By Lisa Ann Jackson
Sort of like the librarian version of Indiana Jones, K. Haybron Adams, assistant photo archivist at the Harold B. Lee Library, digs through special collections, card catalogs, and archives to find beleaguered researchers’ holy grails–elusive source materials, additional information, even complete bibliographies.
Requests for information from BYU’s library come from around the globe and usually end up in Adams’ dimly lit office (his sixth since library construction began) where he begins his crusades to unearth information in the library system. And while his quests to answer these queries hardly make the world safe for democracy, his diligence makes a difference for the individuals seeking the information, and it is significant that people from around the world are looking to BYU’s library system–some 4.5 million volumes strong–for help.
“BYU’s library staff and faculty are known for the good work they do–for the quality work they do,” Adams says. “And because of that, I will get these requests asking for whatever it may be.”
Requests (usually coming via e-mail) range from someone in Germany asking for a bibliography of BYU’s holdings on a late 19th century Japanese author to someone in England requesting a hymn published in an 18th century hymnal to someone in Salt Lake City asking who said, “If you build it, he will come,” in the movie Field of Dreams.
“When I turn on my computer in the morning and check my e-mail, I have no idea where things are going to come from,” Adams says. “Who would ever think of BYU if you were in Berlin and you wanted information on
a Japanese author?”
Most learn of BYU’s holdings through RLIN (Research Libraries Information Network), a database that lists the holdings of about 50 of the world’s largest libraries. BYU’s inclusion on the database is in the company of such libraries as the Library of Congress, the British Library, and the libraries at Harvard, Stanford, and Berkeley. Through RLIN, researchers can access BYU catalog information. Once they know what BYU has, they can contact BYU to request information.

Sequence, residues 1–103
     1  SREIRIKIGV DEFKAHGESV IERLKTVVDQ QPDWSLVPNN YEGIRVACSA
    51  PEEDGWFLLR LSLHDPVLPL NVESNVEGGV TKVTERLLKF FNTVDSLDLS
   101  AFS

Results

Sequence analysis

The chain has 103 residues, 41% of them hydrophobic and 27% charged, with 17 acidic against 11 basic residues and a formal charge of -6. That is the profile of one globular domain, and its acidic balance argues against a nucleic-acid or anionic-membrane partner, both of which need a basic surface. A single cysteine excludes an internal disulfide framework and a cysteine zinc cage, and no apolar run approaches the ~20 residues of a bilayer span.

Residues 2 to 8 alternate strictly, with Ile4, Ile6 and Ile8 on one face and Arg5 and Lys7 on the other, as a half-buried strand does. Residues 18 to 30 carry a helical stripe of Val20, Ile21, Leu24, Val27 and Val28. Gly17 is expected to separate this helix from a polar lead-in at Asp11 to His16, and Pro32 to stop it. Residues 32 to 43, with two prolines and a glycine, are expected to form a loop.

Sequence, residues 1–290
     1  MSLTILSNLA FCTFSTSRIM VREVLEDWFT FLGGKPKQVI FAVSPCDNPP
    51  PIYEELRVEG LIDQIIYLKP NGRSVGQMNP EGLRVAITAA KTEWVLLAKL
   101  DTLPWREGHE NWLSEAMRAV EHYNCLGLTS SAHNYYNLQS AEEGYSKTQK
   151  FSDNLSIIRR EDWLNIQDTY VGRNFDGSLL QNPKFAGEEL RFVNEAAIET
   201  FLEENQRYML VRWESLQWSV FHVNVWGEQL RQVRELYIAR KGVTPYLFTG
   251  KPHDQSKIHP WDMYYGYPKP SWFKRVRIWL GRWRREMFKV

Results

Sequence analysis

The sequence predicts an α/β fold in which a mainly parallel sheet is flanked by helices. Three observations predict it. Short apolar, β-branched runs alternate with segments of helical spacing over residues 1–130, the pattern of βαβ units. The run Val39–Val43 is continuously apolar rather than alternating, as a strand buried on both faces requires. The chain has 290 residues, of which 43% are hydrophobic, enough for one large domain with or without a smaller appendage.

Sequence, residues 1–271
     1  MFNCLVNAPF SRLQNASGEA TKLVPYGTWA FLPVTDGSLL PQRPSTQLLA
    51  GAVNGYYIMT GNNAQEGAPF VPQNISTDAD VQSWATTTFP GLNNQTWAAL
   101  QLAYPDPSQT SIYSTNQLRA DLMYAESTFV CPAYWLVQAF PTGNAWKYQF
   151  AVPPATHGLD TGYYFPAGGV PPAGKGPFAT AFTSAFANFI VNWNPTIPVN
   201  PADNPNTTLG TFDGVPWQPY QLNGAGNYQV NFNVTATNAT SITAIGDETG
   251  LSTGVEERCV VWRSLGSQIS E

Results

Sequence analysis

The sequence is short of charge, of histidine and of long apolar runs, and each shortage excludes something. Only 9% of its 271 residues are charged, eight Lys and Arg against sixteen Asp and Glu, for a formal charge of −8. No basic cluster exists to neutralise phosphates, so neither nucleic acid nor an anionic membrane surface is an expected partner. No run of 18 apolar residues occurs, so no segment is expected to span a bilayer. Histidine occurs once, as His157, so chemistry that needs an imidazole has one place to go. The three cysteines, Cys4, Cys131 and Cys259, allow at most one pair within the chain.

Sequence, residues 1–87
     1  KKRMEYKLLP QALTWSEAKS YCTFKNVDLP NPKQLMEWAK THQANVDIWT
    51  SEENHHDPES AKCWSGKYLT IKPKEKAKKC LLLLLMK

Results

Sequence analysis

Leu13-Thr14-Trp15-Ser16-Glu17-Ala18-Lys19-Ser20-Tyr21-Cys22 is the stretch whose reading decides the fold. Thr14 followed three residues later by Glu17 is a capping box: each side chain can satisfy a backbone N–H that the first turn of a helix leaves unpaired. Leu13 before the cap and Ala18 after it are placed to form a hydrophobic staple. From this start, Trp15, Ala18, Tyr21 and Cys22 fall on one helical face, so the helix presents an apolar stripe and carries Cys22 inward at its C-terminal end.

“We have a lot of information on a lot of things,” says Adams–jestingly called the “fount of all knowledge” by a co-worker because Adams seems to know just where to find all that information when he needs it, right down to the national anthem of a small African country, a request that crossed his desk last year. “And because of what we do–the quality of our work–we are asked for a lot of material.”
With a student research assistant to help with much of the legwork, Adams’ searches unearth all kinds of interesting information. One request sent Adams on the trail of a Mennonite missionary who proselyted in Utah around the turn of the century. A professor at a Mennonite college in Kansas was looking for details to flesh out information he already had about this missionary. Adams found that the missionary changed his name several times, was twice sealed in the Manti LDS Temple, (although Adams never found an LDS baptismal record), received a patriarchal blessing, started a cult based on reincarnation, and left Utah bound for Arizona, Oklahoma, and eventually Montana.
Adams is happy to offer the expertise and knowledge he has developed over years of working within BYU’s library system, but he admits there are some requests to which he simply has to say, “I don’t know.” Recently, someone wanted to know to what a line in Teachings of the Prophet Joseph Smith referred. But Adams was stumped.
“It says, ‘I’ll hunt after Hades like Pat did for the woodchuck,'” Adams says. “We have tried and tried to figure out what that line is supposed to mean, but we don’t have a clue. Who is Pat? What woodchuck? Why did Pat want a woodchuck?”
In most cases, Adams comes up with at least some information and leaves the rest in the hands of the researcher. Two boys in California working on a history fair project wrote BYU’s library seeking information about a particular baseball player who played in a world series in the 1920s. Adams found that only one member of this player’s team was still living. He passed along the team member’s address and phone number with some other information about the team and later received word that the boys had gotten the information they wanted.
“They phoned the guy and talked to him about the last game in a world series in the 1920s. They were just ecstatic about what they found out, and the player was excited to talk to a couple of kids who really wanted to know about it,” Adams says. “It’s those kinds of things that really make you feel like you are worth something–when you can help even a couple of kids. It makes it all worth it.”
This article first appeared in the Spring/Summer 1997 issue of International, a newsletter published by BYU’s David M. Kennedy Center for International studies.